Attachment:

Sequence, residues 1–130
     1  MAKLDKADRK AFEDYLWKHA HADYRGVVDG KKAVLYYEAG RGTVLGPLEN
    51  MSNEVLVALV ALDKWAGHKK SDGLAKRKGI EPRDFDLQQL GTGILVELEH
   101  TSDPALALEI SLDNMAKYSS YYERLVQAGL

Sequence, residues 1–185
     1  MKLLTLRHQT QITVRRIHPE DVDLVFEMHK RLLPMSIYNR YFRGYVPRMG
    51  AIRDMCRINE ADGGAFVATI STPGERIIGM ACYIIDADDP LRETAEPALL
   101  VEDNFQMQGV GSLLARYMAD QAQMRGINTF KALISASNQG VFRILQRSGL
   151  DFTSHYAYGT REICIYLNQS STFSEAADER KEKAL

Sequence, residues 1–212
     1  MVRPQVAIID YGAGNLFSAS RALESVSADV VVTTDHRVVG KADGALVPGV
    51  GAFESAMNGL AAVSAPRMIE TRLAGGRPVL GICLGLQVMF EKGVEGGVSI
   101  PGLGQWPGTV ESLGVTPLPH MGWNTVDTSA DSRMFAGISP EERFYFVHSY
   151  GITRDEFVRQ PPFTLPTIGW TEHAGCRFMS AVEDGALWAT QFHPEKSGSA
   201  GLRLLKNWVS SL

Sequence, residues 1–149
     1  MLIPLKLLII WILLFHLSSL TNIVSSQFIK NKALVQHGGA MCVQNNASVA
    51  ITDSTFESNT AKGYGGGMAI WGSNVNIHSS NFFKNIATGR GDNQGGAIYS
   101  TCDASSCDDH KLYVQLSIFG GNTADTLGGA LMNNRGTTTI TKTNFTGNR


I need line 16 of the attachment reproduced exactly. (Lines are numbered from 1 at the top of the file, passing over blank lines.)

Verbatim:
Sequence, residues 1–149